As a reporter who traced the history of the KKK in Indiana through its nasty days in Dixie, its racist fear-mongering in the border states when it threatened and actually carried out lynchings to non-believers, it's difficult to imagine how history still eludes the remaining Klanners who dared to raise their voices in Columbia, South Carolina, in an ugly manner to protest the removal of the Confederate flag.
Hasn't the election of an African-American president, the emergence of educated countless men and women of color, and the dramatic political change in the Southern states awakened all of these old racists to the past who want to hang on to the embarrassing reminder of the Stars and Bars? Well, I've got news for them, having traced some grim events from the ugliness of Selma, and having made the march on behalf of the Voting Rights Act from there to Montgomery with Dr. Martin Luther King. It's time to erase the memories of the past and instead welcome the dramatic changes throughout the glorious South that make us proud to show the remainder of the world that the United States today has a truly democratic society.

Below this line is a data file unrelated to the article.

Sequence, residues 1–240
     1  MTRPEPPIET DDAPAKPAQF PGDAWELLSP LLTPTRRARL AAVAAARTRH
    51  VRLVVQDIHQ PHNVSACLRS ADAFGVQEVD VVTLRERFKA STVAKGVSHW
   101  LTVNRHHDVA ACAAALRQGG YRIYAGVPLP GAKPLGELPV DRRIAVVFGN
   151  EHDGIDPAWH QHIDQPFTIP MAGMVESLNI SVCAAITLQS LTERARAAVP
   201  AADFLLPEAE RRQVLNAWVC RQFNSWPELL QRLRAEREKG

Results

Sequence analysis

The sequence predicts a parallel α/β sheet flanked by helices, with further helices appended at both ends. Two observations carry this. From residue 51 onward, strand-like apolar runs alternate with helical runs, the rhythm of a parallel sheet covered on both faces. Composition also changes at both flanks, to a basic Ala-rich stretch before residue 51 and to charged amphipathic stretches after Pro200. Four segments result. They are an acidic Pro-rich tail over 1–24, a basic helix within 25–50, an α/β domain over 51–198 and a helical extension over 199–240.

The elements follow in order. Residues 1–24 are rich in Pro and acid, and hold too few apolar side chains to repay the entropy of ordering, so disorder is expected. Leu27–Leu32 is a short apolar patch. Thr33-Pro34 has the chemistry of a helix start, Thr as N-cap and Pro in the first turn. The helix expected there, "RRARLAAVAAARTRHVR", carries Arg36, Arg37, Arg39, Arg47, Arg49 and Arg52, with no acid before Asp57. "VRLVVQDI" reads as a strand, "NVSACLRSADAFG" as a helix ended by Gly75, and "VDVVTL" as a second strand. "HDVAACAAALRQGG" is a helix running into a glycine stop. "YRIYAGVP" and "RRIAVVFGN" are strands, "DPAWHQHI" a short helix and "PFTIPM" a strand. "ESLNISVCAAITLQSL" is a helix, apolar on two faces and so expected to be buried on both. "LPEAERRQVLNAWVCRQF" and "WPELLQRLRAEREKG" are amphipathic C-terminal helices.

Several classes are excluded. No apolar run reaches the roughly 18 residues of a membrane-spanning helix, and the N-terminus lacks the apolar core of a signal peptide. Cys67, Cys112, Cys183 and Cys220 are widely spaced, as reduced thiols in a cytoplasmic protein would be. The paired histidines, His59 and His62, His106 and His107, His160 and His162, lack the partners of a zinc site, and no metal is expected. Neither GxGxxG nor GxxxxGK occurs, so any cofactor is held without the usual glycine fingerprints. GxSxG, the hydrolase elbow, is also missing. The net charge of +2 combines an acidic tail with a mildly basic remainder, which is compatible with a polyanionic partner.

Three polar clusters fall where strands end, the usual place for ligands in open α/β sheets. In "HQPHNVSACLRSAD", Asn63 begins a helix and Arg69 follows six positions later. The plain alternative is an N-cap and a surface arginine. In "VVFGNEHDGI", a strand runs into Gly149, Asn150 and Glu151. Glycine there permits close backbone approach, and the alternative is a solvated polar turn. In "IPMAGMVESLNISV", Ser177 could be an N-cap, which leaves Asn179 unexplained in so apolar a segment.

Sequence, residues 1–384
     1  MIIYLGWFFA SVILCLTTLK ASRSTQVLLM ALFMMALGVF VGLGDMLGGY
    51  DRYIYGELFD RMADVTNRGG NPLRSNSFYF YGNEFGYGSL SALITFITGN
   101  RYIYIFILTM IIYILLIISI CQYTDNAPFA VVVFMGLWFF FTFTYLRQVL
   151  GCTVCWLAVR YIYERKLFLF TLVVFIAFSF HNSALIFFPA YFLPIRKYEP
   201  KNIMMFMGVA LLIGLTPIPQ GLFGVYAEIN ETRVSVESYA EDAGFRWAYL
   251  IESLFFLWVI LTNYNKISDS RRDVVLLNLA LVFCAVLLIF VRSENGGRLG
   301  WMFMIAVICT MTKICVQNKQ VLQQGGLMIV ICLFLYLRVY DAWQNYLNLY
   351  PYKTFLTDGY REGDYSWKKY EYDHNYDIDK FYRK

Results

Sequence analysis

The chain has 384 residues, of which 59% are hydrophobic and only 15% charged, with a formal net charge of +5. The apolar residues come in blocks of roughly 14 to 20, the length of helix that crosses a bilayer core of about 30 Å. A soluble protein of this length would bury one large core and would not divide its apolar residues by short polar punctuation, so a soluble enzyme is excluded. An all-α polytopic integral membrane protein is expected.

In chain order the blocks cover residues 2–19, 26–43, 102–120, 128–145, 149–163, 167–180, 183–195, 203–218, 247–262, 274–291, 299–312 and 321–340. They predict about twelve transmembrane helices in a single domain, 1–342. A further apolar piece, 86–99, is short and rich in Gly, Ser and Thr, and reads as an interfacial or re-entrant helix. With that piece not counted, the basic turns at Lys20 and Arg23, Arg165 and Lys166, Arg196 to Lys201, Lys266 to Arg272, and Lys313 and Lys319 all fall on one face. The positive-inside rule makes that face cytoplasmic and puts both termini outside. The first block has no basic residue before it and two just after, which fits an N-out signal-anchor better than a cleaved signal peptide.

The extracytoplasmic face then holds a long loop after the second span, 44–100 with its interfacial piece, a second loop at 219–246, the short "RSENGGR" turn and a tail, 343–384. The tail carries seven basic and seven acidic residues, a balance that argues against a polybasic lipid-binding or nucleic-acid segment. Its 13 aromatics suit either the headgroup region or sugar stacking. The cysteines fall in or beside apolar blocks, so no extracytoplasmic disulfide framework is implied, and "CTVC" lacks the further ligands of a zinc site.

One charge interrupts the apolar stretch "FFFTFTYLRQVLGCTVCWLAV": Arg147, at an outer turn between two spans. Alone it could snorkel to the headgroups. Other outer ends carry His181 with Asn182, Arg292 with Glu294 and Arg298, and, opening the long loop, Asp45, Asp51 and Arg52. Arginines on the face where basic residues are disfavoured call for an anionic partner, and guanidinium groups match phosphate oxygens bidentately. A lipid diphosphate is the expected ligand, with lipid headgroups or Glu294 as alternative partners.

How to vote
Vote-by-mail ballot request deadline: Varies by state
For the Nov 3 election: States are making it easier for citizens to vote absentee by mail this year due to the coronavirus. Each state has its own rules for mail-in absentee voting. Visit your state election office website to find out if you can vote by mail.Get more information
In-person early voting dates: Varies by state
Sometimes circumstances make it hard or impossible for you to vote on Election Day. But your state may let you vote during a designated early voting period. You don't need an excuse to vote early. Visit your state election office website to find out whether they offer early voting.My Election Office
General Election: Nov 3, 2020
Polling hours on Election Day: Varies by state/localityMy Polling Place